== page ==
Finally... Competition Returns To The Legal Research World!

Many of you have probably seen the Tweets going around this morning about how Google Scholar has entered into the legal research arena. I have to say that I'm initially thrilled with the idea that after 15 to 20 years of legal vendor consolidation, that we may actually be on the cusp of reintroducing some serious competition.
With major players like Google, Bloomberg and even the ABA jumping into the online legal research arena, the big boys (Westlaw and Lexis - or collectively known as "Wexis") should be, as one of my esteemed colleagues puts it - "soiling their pants right now." Of course, I've mentioned in the past that pushing out case law is one thing, but adding value and authority to those works is why we keep Wexis around. There do seem to be some attempts at challenging the Wexis authority, especially from Bloomberg (via adding their own headnote system), and through the ABA Federal Opinion Summaries.
It seems that Erik Gerding over at The Conglomerate has been anticipating the competition by asking the questions:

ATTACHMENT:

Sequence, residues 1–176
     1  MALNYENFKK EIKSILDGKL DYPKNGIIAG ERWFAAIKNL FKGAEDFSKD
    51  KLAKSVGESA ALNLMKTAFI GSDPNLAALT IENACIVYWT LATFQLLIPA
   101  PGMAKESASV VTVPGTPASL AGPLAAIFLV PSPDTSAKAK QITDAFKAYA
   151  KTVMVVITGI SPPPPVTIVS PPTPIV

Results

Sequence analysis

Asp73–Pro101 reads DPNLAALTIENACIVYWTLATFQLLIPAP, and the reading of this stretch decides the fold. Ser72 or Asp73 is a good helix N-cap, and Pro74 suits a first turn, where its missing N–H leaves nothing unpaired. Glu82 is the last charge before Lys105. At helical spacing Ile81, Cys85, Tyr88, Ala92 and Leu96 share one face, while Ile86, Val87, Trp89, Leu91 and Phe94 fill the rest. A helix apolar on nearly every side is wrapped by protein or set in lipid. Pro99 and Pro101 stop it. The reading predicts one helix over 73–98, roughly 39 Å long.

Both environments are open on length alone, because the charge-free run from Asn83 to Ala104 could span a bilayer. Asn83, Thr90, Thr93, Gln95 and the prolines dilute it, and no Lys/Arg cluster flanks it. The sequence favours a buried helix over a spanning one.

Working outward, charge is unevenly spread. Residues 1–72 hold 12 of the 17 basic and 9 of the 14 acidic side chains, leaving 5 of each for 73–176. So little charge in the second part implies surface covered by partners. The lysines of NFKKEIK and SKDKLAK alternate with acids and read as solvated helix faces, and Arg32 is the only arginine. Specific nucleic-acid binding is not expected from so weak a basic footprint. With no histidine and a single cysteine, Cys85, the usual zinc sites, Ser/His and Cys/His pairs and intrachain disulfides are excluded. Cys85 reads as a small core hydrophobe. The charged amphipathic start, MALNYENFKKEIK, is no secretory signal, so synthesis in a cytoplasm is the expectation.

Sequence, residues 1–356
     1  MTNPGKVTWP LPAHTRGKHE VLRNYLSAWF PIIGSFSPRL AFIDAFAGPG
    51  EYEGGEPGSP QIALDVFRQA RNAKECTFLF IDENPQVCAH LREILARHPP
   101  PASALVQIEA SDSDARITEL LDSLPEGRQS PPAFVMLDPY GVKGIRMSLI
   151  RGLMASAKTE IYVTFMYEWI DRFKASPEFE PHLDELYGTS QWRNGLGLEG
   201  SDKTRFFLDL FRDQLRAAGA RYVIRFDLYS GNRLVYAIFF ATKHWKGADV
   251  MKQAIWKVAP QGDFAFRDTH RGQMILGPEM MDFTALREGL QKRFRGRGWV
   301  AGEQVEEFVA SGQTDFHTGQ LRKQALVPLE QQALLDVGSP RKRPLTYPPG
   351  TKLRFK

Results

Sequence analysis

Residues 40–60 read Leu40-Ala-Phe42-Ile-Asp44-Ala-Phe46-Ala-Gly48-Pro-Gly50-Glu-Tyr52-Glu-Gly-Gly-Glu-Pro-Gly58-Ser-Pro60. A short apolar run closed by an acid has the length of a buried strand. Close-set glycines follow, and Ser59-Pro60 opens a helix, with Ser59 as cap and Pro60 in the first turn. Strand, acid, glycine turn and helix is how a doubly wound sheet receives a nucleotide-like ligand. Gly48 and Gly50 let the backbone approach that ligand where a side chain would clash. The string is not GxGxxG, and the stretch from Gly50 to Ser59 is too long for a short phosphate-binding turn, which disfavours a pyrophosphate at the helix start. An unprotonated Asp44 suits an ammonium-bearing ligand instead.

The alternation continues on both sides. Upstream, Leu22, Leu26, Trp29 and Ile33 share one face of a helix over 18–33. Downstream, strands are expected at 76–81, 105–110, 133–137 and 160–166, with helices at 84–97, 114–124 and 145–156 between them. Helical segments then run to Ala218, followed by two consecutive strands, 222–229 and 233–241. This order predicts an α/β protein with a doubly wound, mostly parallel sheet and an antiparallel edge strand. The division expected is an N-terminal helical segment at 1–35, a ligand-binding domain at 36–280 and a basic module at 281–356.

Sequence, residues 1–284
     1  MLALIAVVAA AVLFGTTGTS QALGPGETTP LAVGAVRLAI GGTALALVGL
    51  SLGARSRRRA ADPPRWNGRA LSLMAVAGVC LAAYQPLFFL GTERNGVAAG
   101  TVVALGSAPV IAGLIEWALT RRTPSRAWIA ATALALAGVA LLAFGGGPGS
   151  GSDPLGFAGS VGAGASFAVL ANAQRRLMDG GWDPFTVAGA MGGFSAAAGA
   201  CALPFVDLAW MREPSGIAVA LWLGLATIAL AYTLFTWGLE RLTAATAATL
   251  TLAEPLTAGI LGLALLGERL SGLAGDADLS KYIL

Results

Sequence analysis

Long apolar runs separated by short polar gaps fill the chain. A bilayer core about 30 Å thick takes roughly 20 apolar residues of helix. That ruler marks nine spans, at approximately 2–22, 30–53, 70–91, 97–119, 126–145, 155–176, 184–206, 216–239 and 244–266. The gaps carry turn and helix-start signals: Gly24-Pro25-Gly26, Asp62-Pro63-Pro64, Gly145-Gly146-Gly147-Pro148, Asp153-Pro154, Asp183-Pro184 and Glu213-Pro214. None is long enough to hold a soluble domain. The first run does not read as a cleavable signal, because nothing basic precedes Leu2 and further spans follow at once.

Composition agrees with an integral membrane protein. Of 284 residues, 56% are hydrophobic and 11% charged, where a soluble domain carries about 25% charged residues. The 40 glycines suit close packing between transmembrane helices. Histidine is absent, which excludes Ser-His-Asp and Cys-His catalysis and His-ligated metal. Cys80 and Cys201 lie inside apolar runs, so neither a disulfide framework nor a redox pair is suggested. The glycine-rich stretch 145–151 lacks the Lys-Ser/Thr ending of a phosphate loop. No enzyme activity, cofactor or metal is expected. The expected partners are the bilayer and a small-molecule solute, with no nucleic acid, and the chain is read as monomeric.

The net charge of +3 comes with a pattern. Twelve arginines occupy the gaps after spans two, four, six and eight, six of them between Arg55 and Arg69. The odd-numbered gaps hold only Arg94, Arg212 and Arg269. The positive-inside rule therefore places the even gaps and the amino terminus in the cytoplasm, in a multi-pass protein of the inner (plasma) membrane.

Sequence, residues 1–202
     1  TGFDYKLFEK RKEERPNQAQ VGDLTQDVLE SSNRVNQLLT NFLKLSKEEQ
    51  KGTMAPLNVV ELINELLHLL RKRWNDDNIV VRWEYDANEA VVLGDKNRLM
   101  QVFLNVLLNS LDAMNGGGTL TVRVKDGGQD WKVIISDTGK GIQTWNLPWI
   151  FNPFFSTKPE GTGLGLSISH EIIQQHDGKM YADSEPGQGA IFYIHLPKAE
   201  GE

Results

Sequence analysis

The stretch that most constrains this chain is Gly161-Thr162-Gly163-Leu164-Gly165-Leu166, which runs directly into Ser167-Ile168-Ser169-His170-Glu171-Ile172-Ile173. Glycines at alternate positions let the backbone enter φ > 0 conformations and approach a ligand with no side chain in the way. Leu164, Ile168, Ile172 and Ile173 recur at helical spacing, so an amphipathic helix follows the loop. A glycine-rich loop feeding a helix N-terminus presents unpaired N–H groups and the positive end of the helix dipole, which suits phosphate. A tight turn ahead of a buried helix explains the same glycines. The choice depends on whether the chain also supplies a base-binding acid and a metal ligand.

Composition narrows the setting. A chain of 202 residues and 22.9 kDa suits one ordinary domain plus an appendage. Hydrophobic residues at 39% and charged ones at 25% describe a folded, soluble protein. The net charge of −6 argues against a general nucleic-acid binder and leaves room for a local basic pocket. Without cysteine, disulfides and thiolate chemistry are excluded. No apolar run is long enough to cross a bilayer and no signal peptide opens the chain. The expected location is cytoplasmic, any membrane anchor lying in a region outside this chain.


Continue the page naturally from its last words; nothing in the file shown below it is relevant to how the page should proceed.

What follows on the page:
1. When will Google take on Bloomberg?
  2. When will either take on Lexis and Westlaw?
Perhaps Erik can look back in his crystal ball and let us know how this will all pan out.
There is a lot of buzz and excitement going around in the legal research field this morning about the Google Scholar announcement. Internet for Lawyers put out this review of the new Google Scholar resource. Carl Malamud even jumped in with a comment about how well Google Scholar is citing the Federal case law.
Although we are just at the beginning stages of all of these resources, it is nice to see a little competition coming back to the online legal research world! I, for one, welcome it!

Bookmark and Share


If I Throw a Google Wave Party... And No One Shows Up??